Anders Gunnersen, left, and Nate Schultz, right, and others from Shared Mobility Inc. unload a tractor-trailer of e-bikes that will be stored in a warehouse in Buffalo on Friday, July 17, 2020. 

That could help commuters who work nights or weekends, when buses run less frequently, or who commute to more remote locations, said Lisa Kenney, an adviser on the Greater Buffalo Niagara Regional Transportation Council who is familiar with the proposed project. It's timely now, she added, as many workers return to offices, stores and other job sites amid the Covid-19 pandemic.

"People still need to get to work – essential workers in particular are often reliant on public transit," she said. "And right now, some people might not be comfortable taking it."

Shared Mobility said it aims to place 1,000 free "micromobility units" across Western New York, including 500 to 600 of the 3,000 e-bikes donated by Uber. The remaining 2,500 bikes will go to the organization’s programs in other areas.

The organization is seeking funding from local governments, transit agencies and foundations to cover the proposed program’s operations, Galligano said. The exact locations and administration of the hubs will also be determined in partnership with local block clubs, social service agencies and other community organizations.

“There are many questions still as to how this will actually work,” Galligano said, “but starting from the beginning, our aim is to launch the library as a community-controlled, community-led initiative.”

"Our goal is to better serve disadvantaged communities in Western New York," he later added.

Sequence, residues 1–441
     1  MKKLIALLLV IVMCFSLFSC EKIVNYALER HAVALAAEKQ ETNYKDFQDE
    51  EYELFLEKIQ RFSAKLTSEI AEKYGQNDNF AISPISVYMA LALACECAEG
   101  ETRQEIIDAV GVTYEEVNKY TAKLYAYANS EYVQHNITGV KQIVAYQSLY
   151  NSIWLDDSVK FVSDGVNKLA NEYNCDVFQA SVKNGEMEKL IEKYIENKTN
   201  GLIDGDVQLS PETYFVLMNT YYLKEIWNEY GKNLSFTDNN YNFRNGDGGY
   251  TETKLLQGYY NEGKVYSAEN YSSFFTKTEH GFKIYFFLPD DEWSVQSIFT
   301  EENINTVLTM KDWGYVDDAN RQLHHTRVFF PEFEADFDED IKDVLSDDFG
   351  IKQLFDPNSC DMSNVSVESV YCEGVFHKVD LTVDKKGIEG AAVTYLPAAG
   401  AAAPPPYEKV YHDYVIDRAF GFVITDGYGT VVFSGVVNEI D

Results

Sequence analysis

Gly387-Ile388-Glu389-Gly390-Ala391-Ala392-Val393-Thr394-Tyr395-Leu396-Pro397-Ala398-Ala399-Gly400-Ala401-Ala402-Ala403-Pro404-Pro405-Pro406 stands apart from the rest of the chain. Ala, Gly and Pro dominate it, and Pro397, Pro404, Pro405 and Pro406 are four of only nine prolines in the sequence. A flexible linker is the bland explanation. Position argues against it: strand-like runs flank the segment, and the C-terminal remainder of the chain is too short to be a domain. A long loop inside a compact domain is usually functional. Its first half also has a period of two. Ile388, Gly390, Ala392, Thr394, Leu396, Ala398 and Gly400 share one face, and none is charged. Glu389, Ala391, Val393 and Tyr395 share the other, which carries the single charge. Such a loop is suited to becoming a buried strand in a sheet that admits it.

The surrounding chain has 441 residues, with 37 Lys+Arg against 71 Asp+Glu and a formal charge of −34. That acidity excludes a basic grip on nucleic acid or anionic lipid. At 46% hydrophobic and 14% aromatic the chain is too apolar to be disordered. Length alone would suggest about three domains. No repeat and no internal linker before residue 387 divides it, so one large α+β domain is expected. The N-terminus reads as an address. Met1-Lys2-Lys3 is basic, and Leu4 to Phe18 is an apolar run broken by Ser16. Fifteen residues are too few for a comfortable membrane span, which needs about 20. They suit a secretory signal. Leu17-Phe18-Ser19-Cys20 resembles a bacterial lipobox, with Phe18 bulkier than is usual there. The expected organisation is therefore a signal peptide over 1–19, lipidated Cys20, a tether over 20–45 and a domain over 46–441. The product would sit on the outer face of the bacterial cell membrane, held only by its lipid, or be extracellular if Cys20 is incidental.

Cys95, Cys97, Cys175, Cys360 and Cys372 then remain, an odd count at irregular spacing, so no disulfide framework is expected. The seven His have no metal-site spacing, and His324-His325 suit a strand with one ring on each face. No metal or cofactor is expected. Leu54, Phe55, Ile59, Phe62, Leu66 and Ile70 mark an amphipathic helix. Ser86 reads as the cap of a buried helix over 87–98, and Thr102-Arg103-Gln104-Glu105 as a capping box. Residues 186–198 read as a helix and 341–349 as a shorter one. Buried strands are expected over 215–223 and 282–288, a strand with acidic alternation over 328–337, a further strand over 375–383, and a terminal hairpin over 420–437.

The proposal comes at a time of rapid change in public transit and transportation. New York State only just legalized e-bikes and scooters in April, following months of lobbying from companies like Uber. Buffalo is still developing regulations for the new vehicles. Shared Mobility will conduct demonstrations and gather public feedback to help policymakers understand these new transportation options, said Galligano. 

In February, the City of Buffalo and the Congress for the New Urbanism, a national planning group, also proposed the pilot of a "micromobility corridor" on Washington Street, which would add protected bike lanes, new bus loading zones and other features designed to diversify downtown’s transit options.

Brendan Mehaffy, the executive director of Buffalo's Office of Strategic Planning, said his department is currently finalizing that proposal and plans to release it within the "next couple of weeks." His office was also recently briefed on Shared Mobility's proposed libraries. 

"Shared Mobility deserves credit for its pursuit of the e-bike library and in many of its mobility endeavors," said Mehaffy, noting the organization's focus on making cities more equitable.

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Caitlin is an enterprise reporter at The Buffalo News, covering stories about how Western New York is changing. A Buffalo native, she spent six years reporting for the finance and style desks at the Washington Post before returning home in 2018.

Related to this story

You’ve probably seen them, those red bikes around Buffalo. They are locked up in neat rows with bright yellow locks. They are Reddy Bikes, sponsored by Independent Health and ready to roll, thanks to a local system called Reddy Bikeshare. They called to me. “But you have a bike!” my friends said. True. Over the years, though, I’ve had bikes stolen.